The ideas of Socratic dialogue and complex social networks are not new. A first-century movement whose members called themselves The Way counted among its members people from a wide geographic area and numerous cultural backgrounds, and its membership grew exponentially for hundreds of years.

The Way grew from dozens of members to tens of millions in roughly 300 years against the odds.

Followers of The Way should have had difficulties sustaining, much less growing, their movement. People did not have access to modern communication systems (the Internet, telephones, and postal systems) we take for granted in most of today’s world. People could travel only as far and as fast as boats, animals, and walking would take them. People who were members of the movement, in particular, often suffered imprisonment, torture, and death for their association with it. Yet, the movement continued to gain members, who today call themselves Christians.

Today, members of the Christian Church in the areas of the world sometimes referred to as the Global South often face the same issues that should have prevented the movement’s growth in the first century. In these areas of the world where churches and seminaries are illegal institutions, and missionaries are not welcome, Christians must rely on small gatherings of people to better develop an understanding of how their faith should impact their personal, family, and community lives. The Christian movement is growing in the areas where people cannot rely on external institutions to convert, develop, and train people. In the Western world, where people have access not only to these type of institutions but also a history of Christian cultural influence, 80% of Christian children leave the faith before reaching adulthood.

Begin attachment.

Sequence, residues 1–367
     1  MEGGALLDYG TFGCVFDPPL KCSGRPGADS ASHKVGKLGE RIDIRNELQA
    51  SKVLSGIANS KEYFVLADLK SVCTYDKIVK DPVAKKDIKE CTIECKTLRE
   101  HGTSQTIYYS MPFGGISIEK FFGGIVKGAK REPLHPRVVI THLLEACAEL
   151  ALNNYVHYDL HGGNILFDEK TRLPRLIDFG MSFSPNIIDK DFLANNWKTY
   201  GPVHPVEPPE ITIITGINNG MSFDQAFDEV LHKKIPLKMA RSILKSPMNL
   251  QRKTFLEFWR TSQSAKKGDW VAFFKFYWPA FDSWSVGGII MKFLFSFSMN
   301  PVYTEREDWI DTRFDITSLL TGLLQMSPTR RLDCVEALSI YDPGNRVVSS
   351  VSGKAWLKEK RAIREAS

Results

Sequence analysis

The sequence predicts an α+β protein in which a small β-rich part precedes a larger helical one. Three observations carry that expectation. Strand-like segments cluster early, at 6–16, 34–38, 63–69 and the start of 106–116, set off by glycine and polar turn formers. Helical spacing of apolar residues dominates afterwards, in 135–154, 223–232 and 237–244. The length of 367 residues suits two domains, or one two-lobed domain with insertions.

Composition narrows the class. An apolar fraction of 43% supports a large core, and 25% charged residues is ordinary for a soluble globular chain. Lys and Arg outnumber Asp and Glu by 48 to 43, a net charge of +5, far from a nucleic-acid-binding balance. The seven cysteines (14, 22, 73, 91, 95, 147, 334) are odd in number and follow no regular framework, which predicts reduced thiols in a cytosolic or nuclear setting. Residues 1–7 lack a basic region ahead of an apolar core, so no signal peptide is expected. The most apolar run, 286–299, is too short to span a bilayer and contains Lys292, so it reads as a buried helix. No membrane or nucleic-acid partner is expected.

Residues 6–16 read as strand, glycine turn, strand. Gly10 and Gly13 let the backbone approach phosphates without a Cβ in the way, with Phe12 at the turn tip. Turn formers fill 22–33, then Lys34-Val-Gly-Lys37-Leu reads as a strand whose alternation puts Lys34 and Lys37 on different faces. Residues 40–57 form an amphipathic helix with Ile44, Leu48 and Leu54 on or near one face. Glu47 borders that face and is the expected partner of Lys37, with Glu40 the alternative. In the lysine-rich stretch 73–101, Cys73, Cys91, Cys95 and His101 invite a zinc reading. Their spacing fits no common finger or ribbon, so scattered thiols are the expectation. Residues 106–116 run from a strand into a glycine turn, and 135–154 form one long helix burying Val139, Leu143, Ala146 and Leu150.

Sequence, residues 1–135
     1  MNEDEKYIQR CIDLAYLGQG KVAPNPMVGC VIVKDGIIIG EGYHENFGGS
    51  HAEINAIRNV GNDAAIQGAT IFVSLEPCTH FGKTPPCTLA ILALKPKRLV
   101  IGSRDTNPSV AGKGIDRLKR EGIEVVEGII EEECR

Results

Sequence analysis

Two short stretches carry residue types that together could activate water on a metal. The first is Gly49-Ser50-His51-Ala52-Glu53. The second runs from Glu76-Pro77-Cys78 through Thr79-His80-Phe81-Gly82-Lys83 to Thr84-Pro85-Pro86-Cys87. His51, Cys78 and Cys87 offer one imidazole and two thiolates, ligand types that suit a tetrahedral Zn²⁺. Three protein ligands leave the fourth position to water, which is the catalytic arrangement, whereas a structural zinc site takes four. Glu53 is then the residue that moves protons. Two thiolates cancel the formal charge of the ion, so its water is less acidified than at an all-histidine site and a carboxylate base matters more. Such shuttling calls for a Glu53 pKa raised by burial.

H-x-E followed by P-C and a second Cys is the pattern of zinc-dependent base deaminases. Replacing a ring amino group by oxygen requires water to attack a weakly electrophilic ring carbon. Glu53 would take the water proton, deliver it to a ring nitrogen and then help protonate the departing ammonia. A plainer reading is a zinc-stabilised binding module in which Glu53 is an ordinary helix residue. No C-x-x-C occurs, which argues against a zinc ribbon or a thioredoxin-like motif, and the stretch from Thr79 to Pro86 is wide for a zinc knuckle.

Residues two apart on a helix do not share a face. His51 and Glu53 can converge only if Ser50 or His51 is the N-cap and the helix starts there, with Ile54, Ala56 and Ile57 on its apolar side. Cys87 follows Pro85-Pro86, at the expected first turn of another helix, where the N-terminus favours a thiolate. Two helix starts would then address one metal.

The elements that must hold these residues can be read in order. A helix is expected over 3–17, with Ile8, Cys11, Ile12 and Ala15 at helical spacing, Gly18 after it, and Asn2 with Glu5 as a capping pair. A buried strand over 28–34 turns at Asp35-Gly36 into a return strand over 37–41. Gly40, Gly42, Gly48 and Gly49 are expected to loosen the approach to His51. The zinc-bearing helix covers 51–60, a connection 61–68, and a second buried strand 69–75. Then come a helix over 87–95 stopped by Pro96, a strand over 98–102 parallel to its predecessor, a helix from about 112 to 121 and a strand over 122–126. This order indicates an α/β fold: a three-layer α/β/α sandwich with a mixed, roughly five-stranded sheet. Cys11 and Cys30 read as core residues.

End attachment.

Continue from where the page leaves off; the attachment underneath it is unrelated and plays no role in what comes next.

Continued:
Socratic dialogue and complex social networks can be used to address organizational teamwork and training needs in the modern era in a way that rapidly scales, the way early Christian communities had purpose and built one another up toward skillful living. First Century Work exists to help organizations whose growth or other circumstances have impacted or are likely to impact teamwork and skill development within their workforces.

First Century Work helps modern organizations develop workforces who understand the organization’s mission and plug themselves into it. First Century Work then assists organizations in building training and assessment programs that reflect the principles that guide the organization toward achieving its mission. This two-phase approach relies heavily on incorporating a complex social network of groups who engage in Socratic dialogues about real-life work situations — “If this is our mission, and these are the principles that will get us there, how do I respond to this situation?”